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date: 20 November 2017

Abstract and Keywords

While Russia officially supports the humanistic principles underlying the responsibility to protect, it has criticized the expanded interpretation and implementation of R2P by Western states. This chapter looks at Russia’s own practical experience with activities in the ‘spirit’, if not strictly the ‘letter’, of R2P and explores the genuine appealof the human protection imperative for Russia as a society rather than just a state. It argues that Russia’s involvement in the crisis in eastern Ukraine is the case when Russia has come closest to exercising its own version of R2P which was driven at least as much by a massive genuine human solidarity impulse on the part of the bulk of the Russian society as by the Kremlin’s strategic interests. The chapter identifies a growing gap between Russia’s practical experience on human protection highlighted by the Donbass case and its conservative and narrow conceptual and policy approach to R2P.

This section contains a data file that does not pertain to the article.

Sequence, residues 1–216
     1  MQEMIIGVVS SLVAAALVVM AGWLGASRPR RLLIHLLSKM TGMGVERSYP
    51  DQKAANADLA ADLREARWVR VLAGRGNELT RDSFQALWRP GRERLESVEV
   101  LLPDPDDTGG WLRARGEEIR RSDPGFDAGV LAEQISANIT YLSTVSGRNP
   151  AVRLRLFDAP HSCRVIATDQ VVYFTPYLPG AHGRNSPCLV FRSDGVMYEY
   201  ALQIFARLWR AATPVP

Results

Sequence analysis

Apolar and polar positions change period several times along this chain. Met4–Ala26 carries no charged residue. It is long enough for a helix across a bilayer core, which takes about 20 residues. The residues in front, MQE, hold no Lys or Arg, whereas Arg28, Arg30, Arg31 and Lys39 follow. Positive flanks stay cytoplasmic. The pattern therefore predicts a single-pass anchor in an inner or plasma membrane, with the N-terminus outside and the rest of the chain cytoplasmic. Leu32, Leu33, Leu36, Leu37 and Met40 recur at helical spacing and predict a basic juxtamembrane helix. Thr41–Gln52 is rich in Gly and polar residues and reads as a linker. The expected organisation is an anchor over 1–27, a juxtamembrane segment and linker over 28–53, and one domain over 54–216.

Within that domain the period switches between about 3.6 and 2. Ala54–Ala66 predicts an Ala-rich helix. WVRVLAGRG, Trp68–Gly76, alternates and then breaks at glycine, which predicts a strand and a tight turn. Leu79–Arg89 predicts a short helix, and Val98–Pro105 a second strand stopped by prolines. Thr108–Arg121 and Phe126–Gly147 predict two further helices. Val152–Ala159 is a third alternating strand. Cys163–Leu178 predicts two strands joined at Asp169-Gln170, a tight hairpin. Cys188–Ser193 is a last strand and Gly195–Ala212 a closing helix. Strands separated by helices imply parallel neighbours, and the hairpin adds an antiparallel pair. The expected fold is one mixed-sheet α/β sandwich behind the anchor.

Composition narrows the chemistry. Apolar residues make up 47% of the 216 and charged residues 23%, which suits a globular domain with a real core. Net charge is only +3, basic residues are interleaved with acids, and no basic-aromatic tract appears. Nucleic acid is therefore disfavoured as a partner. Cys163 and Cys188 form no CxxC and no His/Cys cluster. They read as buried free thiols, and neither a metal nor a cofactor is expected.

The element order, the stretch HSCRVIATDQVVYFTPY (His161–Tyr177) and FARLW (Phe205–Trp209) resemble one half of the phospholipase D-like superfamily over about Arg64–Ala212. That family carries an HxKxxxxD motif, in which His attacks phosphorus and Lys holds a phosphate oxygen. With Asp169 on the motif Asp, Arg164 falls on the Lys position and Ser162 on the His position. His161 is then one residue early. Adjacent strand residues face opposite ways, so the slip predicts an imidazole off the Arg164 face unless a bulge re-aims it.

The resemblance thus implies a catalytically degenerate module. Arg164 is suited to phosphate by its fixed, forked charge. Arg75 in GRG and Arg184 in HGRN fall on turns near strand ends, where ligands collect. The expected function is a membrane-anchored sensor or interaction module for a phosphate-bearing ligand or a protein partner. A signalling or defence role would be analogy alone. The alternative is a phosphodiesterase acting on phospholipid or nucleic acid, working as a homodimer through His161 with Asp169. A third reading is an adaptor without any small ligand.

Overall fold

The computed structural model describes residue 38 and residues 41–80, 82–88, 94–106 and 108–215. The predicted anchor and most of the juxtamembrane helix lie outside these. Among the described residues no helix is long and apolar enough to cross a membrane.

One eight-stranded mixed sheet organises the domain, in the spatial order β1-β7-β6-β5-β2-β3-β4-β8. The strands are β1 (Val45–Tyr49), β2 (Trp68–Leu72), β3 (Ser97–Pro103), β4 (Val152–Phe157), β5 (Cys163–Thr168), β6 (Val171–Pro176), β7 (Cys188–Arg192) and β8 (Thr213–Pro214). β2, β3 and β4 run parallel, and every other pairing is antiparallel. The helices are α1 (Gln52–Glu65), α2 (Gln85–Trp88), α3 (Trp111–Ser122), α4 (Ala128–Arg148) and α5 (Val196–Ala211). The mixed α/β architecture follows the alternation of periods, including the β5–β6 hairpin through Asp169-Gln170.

Keywords: responsibility to protect, Russia, Donbass, Ukraine, humanitarian aid, refugees, relief, reconstruction, civil society, human solidarity

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